Is a Hollywood hack just around the corner? Can malware attacks get any meaner? Will there be any
good news in 2014? Read about tomorrow's security headlines today in WatchGuard’s 2014 Security Predictions.
The insights you gain can help you prepare your defenses in advance, for a safe and prosperous year of business.
EXPECT A HOLLYWOOD HACK IN 2014
A major state-sponsored attack shows us infrastructure hacks don’t only happen at the cinema
You’ve seen it in the movies. A big hack that drains the Federal Reserve Bank, shuts down power in all the big
cities, or causes a critical dam to fail and flood the town downstream.
These types of cyber attacks sound like science fiction. However, our critical infrastructure really does rely on
computers and – despite best practices saying otherwise – we are slowly putting some of this infrastructure online.
Even if we keep these systems air-gapped (offline), the often-cited Stuxnet proved that motivated cyber attackers
can infect non-networked critical infrastructure, with potentially disastrous results.
As a result, researchers have spent the past few years discovering and studying the vulnerabilities in industrial
control systems (ICS) and supervisory control and data acquisition (SCADA) solutions, and their findings aren’t
comforting. These systems have many holes.
We think a malicious actor or nation-state will realize a Hollywood-like hack next year, by exploiting a flaw against
INCREASED CYBER KIDNAPPING RAISE ATTACKER PROFITS
Hackers concentrate on ransomware to steal more money
Ransomware is a class of malicious software that tries to take your computer hostage. It “kidnaps” your important
files, making it so you can’t access data or use your computer. Criminals then try to extort money to regain access.
A particularly nasty variant, Cryptolocker, emerged in 2013. It arrives in various ways, including as a phishing email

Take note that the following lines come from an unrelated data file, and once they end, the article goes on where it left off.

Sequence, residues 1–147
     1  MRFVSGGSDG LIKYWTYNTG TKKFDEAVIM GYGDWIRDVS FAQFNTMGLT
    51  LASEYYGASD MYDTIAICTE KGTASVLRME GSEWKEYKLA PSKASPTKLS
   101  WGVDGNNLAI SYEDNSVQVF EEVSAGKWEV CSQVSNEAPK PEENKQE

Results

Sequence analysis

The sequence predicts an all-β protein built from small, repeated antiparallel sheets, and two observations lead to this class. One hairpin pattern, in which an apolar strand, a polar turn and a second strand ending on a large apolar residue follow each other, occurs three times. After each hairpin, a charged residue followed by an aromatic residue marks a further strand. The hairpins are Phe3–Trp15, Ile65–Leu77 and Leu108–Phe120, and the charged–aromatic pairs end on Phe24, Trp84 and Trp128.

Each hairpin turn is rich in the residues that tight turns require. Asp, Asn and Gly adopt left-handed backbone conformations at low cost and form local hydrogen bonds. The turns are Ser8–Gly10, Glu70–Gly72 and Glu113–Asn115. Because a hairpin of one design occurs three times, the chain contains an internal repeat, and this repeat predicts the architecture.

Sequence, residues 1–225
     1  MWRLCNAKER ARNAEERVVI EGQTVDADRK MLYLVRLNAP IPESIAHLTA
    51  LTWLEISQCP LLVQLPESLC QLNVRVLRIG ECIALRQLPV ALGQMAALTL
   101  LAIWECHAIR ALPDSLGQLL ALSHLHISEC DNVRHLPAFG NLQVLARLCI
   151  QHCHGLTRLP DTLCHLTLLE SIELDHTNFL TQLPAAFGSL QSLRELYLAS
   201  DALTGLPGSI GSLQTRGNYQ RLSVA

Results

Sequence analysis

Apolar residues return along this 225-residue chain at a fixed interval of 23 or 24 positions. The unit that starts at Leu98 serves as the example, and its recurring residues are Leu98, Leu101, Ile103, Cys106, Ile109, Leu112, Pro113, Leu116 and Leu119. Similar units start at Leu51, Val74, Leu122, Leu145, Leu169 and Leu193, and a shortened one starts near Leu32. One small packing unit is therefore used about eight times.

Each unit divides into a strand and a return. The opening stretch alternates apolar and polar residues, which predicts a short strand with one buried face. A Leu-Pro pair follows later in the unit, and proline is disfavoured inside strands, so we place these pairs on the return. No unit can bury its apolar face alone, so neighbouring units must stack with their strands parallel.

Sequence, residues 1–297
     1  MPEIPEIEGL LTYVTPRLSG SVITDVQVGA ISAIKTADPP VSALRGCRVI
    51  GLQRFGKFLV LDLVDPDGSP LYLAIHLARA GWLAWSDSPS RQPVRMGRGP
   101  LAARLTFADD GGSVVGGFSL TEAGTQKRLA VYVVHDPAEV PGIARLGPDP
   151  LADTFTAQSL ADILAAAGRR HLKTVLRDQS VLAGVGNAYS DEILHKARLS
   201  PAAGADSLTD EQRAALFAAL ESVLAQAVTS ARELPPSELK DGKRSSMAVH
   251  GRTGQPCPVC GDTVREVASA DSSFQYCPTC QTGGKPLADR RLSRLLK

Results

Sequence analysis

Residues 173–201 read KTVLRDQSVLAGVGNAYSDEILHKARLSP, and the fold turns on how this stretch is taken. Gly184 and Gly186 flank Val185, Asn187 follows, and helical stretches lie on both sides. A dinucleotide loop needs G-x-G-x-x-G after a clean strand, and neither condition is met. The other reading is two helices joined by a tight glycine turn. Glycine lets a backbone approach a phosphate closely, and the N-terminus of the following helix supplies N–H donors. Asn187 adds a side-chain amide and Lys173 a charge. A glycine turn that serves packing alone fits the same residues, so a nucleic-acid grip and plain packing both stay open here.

attachment, or through websites hosting malicious drive-by downloads. It encrypts many of your important files,
including Office documents, pictures, and digital certifications. Then it demands $300 to get them back.
Cryptolocker uses industry-standard encryption to ensure you can’t reclaim your files. It uses domain generation
algorithms (DGA) to make sure it can always reach its master, and it uses Bitcoin to make it harder for authorities
to track these illegal payments. Cryptolocker has affected millions and we suspect its authors got a sizable return
on their criminal investment.
Modern cyber criminals are not stupid. They pay attention to others’ success, and look for ways to increase their
ROI. In 2014, you can expect cyber criminals to try to copy Cryptolocker’s success by mimicking its techniques and
capabilities. Plan for a surge of ransomware in 2014.
2014 Security Predictions
HACKERS HARASS U.S. HEALTHCARE HANGOUT
The US HealthCare.gov site will suffer a data breach
In the United States, the new Affordable Care Act, colloquially known as Obamacare, hinges on the use of online
healthcare insurance exchanges, where patients can purchase healthcare at discounted group rates. Here are two
main reasons why it is such an attractive target.
First, as the online cornerstone of the new US healthcare system, Heathcare.gov will certainly garner a lot of
attention. Imagine you’re a hacktivist trying to make a big political statement… what better place to capture the
notice of millions?
Second, in order to do its job the site needs to ask citizens for personally identifying information (PII). This makes
Healthcare.gov, and all the online exchanges under it, an important overseer of sensitive data, which obviously
makes an alluring target.
We believe both good and bad hackers will take aim at Healthcare.gov in 2014. In fact, it’s already happened to
some extent. We’ve seen evidence of attempted (unsuccessful) web applications attacks, and attackers have tried
to DDoS the site.
None of this is to say you should avoid Healthcare.gov, or that it’s any worse than any of the millions of other
websites we share our valuable data with. In fact, its current high profile means that the folks managing it will
focus heavily on its defense. We’d argue that in time, Healthcare.gov will likely be more secure than the majority
of sites out there. However, we also know things sometimes have to get a bit worse before they get better. That’s
why we forecast that Healthcare.gov will suffer at least one data breach in 2014.
NETWORK ATTACKERS BECOME CYBER SHRINKS
Criminal attackers will up their social engineering game in 2014
The information security battle has always been a pendulum, with the technical advantage swinging back and forth
between attacker and defender. As defenders develop new security technologies to get a leg up, attackers develop